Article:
Were the invention now before you entirely British, it would find its prompt excuse and justification in the deleterious vocation of the needlewoman. For years past, the fruits of whose industry have borne so frightfully public sympathy has been awakened in behalf of a class, inadequate a proportion to their toil and necessities; the voice of the philanthropist, the masculine denunciation of the public organs, the pitiful wail of the inspired Poet, the earnest combination of the charitable Gentlewomen, alive to the privations and struggles of poor Sempstresses, have all conspired, but, alas! with slight effect, to mitigate the sufferings generated by the pursuit of a calling, in which the maximum of labour realises but the minimum of reward.
The following Institutions have been taken Emigration has rescued a few from the miseries of into Union since the last announcement:their position, and the extension of the fields of employment for females has led to the adoption by others of pro328. Ashton and Dukinfield, Mechanics' Institution. fessions of a less prejudical character then that of the dress329. Croydon, Literary and Scientific Institution. maker; but as long as there is a demand for needlework, 330. East Dereham, Institute. and that demand can be supplied by human hands, there 331. Masham, Mechanics' Institution and Literary Society. will be numerous disciples of the trade, because it is Previous to the reading of the Paper, the learnt with ease, and can be followed at an early period Secretary stated that he had received a commu- the position it necessitates upon the human form, the conof life its ultimate effect upon the eyes, the influence of nication from M. Demolon, of Paris, relative to sequences to the lungs and the general health, of the Fish Guano, accompanied with a sample, in which confinement in crowded rooms or small and close aparthe said that he had been, for some time past, ments which must be the portion of the Sempstress, all manufacturing it to a considerable extent. With are forgotten in the pressure of the moment, and the eager desire to eat the bread of industry. Hundreds of reference to the supply of fish for the purpose, thousands at this moment toil in unwholesome, localities M. Demolon had found there was no difficulty at a pernicious avocation for many hours a-day, for wages in procuring any amount at about 20 francs, that barely tend to hold life and soul together, neglecting, or 16 shillings, per ton. The Secretary also in the ardour stimulated by want, the adoption of purcalled attention to some samples of a substance suits of a more profitable and health-promoting character. In this view and who shall say that it is false or exreceived from Madras, which appeared similar, aggerated-the Sewing Machine is calculated to prove in some respects, to Gutta Percha. Dr. Ferguson an incalculable blessing to the needle-plyers in Great Branson's Specimens illustrative of the applica-Britain, for it must ultimately supersede their devastating tion of Soap as a Means of Art, were exhibited profession. to the meeting, including drawings on soap, plaster and metal casts taken from Gutta Percha impressions of the soap drawing, embossed leather and paper, etchings, &c., &c. The Paper read was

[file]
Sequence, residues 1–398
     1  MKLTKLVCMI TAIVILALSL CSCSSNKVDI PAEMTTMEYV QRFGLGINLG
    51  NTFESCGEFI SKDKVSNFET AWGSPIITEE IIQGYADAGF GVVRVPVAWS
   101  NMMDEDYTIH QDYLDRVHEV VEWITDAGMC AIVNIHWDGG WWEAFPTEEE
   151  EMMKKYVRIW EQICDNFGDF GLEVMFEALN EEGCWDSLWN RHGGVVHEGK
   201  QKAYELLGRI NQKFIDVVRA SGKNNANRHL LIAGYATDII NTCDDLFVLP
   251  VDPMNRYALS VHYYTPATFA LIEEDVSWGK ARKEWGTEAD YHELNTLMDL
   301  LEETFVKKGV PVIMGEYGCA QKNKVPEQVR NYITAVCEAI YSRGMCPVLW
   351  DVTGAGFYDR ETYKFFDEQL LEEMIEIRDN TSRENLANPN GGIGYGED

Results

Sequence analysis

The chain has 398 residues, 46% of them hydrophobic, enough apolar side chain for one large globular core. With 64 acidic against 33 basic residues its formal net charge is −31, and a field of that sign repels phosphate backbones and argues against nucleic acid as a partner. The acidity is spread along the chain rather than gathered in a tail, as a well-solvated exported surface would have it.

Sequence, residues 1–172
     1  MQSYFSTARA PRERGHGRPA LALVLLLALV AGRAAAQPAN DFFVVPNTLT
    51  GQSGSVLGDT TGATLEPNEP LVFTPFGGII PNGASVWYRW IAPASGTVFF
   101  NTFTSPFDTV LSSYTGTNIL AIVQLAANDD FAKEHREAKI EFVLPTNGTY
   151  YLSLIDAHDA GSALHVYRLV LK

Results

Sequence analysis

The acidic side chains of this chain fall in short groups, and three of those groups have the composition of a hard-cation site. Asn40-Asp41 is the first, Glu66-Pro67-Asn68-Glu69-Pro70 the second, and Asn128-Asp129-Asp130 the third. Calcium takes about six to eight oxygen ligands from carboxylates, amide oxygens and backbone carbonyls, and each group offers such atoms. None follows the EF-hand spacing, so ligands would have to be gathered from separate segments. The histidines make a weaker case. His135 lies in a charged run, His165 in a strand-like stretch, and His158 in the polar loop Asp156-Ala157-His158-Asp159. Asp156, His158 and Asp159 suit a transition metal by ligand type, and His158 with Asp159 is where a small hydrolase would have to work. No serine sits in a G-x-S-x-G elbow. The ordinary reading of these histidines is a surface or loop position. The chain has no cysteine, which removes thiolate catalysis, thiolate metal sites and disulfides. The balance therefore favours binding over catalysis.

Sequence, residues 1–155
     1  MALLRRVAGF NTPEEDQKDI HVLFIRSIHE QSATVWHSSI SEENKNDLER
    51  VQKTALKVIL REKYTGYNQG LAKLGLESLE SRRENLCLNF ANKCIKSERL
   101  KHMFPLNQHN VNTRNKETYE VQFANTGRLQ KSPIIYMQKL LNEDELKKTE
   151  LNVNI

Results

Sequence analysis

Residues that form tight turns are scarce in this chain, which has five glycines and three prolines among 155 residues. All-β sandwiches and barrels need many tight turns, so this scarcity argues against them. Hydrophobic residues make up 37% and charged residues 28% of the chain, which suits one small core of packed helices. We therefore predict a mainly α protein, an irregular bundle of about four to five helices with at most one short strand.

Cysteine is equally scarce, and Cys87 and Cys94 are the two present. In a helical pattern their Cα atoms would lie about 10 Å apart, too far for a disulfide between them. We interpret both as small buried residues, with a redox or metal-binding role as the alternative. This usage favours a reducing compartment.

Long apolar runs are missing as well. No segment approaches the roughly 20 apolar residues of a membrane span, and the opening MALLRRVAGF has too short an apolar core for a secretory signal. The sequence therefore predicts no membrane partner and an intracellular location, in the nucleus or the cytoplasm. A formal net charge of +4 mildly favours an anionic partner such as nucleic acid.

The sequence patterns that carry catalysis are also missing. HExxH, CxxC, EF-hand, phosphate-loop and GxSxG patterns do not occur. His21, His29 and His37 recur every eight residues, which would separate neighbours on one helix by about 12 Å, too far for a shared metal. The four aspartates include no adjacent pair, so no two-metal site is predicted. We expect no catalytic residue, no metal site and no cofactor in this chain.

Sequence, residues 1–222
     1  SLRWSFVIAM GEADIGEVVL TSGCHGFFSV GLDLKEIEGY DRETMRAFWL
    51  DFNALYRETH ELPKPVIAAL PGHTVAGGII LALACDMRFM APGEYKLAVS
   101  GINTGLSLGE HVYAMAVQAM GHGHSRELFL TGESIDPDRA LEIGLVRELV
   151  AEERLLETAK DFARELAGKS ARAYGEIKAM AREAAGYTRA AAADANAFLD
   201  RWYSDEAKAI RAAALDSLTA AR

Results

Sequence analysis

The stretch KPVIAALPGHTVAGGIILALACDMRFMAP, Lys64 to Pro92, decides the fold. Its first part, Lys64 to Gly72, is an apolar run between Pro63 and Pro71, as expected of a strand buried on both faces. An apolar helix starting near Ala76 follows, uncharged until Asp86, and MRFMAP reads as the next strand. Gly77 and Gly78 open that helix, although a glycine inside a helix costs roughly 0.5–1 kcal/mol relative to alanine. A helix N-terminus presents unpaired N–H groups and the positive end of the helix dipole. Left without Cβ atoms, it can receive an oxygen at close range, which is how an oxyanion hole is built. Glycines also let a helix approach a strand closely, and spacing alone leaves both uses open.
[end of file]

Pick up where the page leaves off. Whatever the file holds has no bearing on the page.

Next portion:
ON STITCHING MACHINES.
But the Sewing Machine is an American Invention. Machinery is the grand necessity of the United States, for population has not augmented to a point which renders the number of needlewomen adequate to the demand upon their industry. America almost denudes Germany of her Sempstresses, and still production falls infinitely short of her requirements. She is thus compelled to employ Steel and Iron to do the work of humanity, for what is machinery but a mimicry of the physical faculties, multiplied to an almost indefinite extent? And perhaps there is hardly an instance on record, of a more simple application of that principle, than the Sewing Machine presents. It can do the work of between thirty and forty hands; it can accomplish 500 stiches in one minute.